PrintE-mail Written by Ian White

Quinn and Piper are twins, although – until they meet at their mother’s funeral – neither of them knew about the others existence. Apparently.

Quinn was the exiled one. She has lived with her grandmother in the wilds of Dartmoor ever since she was born, and has always believed there is something evil inside her. That can only be the reason why, on the few occasions her mother visited, she treated Quinn with such disdain. Her grandmother, who earns money as a fortune teller and is seemingly feared by everybody, didn’t treat Quinn any better.

Piper, on the other hand, was the chosen one. She was raised by her mother and father in a comfortable house, she has everything she wants and takes it all for granted, including her boyfriend Zak.

Why did their mother and grandmother work so diligently at keeping Quinn and Piper apart and what will happen, now that they are united? What is the inheritance that only one of the twins will be able to claim, and why do they share dreams of running with a pack of hellhounds across the moors, ripping apart any unfortunates who stray into their path? Are the hellhounds related to the pack of dogs that killed their mother and will they ever be able to defeat the curse that has plagued their family for centuries?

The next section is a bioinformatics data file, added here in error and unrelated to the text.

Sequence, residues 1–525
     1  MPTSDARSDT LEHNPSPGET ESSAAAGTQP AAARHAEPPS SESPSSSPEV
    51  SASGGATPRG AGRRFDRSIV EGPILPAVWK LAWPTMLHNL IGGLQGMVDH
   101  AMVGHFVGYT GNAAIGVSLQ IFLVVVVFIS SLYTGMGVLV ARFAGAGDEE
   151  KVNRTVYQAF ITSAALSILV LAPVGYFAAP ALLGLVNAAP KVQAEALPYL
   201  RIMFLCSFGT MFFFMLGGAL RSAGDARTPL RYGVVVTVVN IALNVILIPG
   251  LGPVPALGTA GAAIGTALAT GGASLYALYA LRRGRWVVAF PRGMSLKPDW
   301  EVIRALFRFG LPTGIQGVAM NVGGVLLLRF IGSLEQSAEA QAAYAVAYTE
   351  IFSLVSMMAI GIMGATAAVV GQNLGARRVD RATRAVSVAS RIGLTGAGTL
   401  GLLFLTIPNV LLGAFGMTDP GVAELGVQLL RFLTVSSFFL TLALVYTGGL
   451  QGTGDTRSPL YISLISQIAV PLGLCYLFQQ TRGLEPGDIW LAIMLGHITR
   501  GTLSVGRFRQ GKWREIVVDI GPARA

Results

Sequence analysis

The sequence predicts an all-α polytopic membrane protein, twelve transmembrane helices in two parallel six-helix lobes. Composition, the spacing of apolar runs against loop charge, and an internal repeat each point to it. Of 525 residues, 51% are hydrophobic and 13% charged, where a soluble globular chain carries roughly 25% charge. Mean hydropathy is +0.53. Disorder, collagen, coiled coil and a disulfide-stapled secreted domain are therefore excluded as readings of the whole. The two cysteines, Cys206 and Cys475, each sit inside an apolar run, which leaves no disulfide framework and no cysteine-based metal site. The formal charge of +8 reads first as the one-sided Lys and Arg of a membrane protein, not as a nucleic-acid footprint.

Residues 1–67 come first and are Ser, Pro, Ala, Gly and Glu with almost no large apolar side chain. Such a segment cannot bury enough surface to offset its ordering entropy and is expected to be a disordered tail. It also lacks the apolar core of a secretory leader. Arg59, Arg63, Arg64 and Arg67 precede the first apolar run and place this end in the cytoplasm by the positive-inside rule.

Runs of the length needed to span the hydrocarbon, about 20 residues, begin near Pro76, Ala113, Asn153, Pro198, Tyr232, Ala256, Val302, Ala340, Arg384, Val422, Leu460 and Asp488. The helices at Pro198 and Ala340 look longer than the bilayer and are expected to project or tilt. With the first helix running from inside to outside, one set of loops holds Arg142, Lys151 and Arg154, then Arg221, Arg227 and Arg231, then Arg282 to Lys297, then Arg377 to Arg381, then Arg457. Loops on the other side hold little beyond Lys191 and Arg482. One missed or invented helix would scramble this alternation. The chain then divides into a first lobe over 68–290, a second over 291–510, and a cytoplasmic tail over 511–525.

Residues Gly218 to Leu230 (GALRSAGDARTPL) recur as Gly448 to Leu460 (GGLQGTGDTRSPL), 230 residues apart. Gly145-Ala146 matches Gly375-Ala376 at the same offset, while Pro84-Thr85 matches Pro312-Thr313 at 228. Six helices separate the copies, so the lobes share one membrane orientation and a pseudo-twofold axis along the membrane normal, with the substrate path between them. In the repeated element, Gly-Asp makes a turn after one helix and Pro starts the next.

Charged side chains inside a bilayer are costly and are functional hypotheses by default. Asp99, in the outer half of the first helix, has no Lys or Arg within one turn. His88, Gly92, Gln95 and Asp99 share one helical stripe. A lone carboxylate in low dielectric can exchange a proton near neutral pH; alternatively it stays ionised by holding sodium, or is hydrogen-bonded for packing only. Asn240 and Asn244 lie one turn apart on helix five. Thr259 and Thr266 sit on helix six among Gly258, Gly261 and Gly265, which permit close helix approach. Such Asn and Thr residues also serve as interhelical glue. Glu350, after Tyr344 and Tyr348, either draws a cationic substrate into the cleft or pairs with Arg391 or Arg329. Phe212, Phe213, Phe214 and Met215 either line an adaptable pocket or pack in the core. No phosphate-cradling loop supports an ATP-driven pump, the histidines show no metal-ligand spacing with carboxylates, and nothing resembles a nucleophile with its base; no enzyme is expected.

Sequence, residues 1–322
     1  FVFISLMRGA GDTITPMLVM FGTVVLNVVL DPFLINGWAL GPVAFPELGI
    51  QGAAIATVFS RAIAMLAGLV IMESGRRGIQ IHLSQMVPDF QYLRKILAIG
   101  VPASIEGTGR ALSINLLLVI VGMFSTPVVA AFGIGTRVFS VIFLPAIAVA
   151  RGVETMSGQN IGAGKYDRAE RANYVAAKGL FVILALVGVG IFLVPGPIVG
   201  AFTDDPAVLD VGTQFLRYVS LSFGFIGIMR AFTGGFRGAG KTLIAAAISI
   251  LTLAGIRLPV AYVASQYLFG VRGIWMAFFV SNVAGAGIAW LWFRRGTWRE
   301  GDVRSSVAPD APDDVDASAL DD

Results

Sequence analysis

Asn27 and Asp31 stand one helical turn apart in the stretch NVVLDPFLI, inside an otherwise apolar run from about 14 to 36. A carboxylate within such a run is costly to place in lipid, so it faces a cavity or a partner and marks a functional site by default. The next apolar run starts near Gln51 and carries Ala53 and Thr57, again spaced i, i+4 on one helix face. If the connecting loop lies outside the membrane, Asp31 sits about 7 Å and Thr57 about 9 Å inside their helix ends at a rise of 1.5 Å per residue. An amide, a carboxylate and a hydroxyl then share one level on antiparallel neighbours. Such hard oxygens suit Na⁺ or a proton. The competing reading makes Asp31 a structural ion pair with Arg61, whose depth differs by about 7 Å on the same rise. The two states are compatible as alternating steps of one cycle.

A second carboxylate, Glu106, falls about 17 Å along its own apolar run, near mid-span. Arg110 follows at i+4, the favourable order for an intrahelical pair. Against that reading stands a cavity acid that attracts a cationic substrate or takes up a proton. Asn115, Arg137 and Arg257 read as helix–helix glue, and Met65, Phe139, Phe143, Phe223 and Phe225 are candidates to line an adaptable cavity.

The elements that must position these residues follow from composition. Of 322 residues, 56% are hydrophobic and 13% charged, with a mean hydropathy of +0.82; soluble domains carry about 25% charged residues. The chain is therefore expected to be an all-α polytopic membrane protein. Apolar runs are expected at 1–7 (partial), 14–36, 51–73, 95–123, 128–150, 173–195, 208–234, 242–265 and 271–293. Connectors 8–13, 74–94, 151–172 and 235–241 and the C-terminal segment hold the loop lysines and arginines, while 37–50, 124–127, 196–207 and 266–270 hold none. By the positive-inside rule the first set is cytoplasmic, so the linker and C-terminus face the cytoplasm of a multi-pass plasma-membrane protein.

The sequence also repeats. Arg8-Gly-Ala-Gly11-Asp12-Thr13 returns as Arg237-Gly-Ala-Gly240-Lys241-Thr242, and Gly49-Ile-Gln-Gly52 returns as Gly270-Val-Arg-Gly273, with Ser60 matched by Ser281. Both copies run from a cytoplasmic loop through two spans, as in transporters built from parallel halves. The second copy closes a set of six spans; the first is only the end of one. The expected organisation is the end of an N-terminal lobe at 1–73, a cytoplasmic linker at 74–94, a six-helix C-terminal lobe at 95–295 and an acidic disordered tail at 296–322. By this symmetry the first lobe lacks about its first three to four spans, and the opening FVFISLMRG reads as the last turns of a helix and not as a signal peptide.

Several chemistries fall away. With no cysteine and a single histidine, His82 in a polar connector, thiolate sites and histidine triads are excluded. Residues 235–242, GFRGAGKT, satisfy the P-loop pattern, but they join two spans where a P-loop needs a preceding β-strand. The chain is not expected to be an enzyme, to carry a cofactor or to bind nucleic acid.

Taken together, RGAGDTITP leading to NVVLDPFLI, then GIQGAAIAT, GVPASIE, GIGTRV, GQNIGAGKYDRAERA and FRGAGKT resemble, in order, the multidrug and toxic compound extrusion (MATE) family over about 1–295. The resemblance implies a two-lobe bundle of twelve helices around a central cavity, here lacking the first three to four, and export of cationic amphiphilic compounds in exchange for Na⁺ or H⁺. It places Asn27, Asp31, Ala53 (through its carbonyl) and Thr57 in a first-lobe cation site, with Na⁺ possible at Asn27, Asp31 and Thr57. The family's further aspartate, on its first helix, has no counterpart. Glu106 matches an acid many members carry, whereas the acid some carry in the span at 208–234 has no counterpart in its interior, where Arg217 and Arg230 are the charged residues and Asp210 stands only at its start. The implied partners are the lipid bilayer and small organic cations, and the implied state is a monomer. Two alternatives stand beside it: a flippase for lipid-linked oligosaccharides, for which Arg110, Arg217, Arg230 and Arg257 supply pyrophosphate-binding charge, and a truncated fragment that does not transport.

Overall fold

Teri Terry, who previously authored the bestselling Slated trilogy, has pulled a rare trick – a Young Adult fiction that can not only be read and enjoyed by people much older than its target demographic, but which manages to tell a complete and compelling story in a single volume, without making us wait for an unnecessarily drawn-out part two and three. But that’s not to say that Book of Lies is limited in scope, it’s actually a deftly written character study of two siblings trying desperately to come to terms with each other and the different griefs they feel about the death of their mother, while also uncovering the secret of where they actually came from. The supernatural elements of the story don’t truly kick in until the second half of the novel, and when they do the characters of Quinn and Piper have been so well defined that the inclusion of the hellhounds and the family curse feel totally realistic. Terry’s interweaving of ‘Black Shuck’ folklore into the main plot is also impressively well handled. Highly recommended, especially for those who like their fantasy subtle but chillingly effective, and populated by characters they can believe in.


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